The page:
10 Signs Your Child May Need an Eye Exam

I will never forget a mother that came in to get her sonís eyes checked before kindergarten started just as a precaution. Her little boy covered one eye and demonstrated he saw well out of the right eye. He covered the other eye, and could barely see anything on the chart. ďOh, this is my bad eye,Ē said the boy. His mom was in shock. He seemed to see fine and had never complained of poor eyesight.

Children with poor vision might not complain, and may even pass a vision screening. They do not have another pair of eyes to compare and so children assume everyone sees the way they do. They simply cope the best way they can. As they grow up, uncorrected vision can lead to irreversible vision problems.

At least 25% of children (one in four) in Georgia will go back to school this fall with an undetected vision problem that can interfere with learning. Since 80% of a childís early learning comes from the visual system, itís important to bring them in for routine eye exams.

Here are ten signs that might be seen in a child with vision difficulties:

1. Squinting, closing or covering one eye
2. Avoidance of reading by misbehaving
3. Losing his/her place while reading
4. Complaints of headaches or dizziness
5. Watching TV closely
6. Tilting or turning the head to one side
7. An eye that wanders after the age of 1
8. Using a finger as a guide while reading
9. Grades are suffering
10. Rubbing eyes frequently

If you see these signs, this child should be seen right away by an eyecare professional.

I recommend every child have their eyes examined by an eyecare specialist once a year starting at the age of two years old. Each child is checked for visual problems and eye health problems such as glaucoma and amblyopia. Amblyopia (lazy eye) is the leading cause of blindness in children, yet it is treatable if caught before the age of 4-5 years old. Please tell your doctor about any eye complaints and what you have observed.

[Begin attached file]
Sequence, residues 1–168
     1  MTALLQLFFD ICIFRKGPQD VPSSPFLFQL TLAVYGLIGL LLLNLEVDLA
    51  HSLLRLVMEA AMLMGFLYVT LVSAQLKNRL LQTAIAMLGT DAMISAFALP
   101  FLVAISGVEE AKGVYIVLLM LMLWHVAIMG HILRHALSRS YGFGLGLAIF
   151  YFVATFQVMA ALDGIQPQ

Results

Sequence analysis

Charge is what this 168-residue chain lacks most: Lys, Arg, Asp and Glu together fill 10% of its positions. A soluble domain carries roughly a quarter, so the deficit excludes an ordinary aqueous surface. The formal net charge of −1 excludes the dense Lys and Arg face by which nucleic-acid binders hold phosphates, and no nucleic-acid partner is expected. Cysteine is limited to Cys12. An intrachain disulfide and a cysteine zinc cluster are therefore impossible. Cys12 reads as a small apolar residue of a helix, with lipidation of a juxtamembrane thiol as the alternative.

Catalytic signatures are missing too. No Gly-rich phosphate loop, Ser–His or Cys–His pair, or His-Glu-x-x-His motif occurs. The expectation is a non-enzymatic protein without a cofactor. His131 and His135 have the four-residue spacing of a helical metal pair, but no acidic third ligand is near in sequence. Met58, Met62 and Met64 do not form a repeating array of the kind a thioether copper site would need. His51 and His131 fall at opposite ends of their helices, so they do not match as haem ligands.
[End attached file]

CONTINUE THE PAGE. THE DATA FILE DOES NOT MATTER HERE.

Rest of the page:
Dr. Kim Raharja, OD is the Clinical Director of Atlanta Eye Center, llc, an office run by independent optometrists inside Wal-Mart Vision Center. They routinely see children as young as 6 months old for visual development and eye health exams. Dr. Raharja also performs eye exams and vision screenings at health fairs, schools and daycares. Please call them to schedule an appointment with one of their talented doctors. Atlanta Eye Center accepts Medicaid, Peach State, Amerigroup, Wellcare, Spectera, Avesis, UHC, BCBS PPO and many other medical and vision insurance plans.

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Kim Raharja Optometrist Atlanta

 

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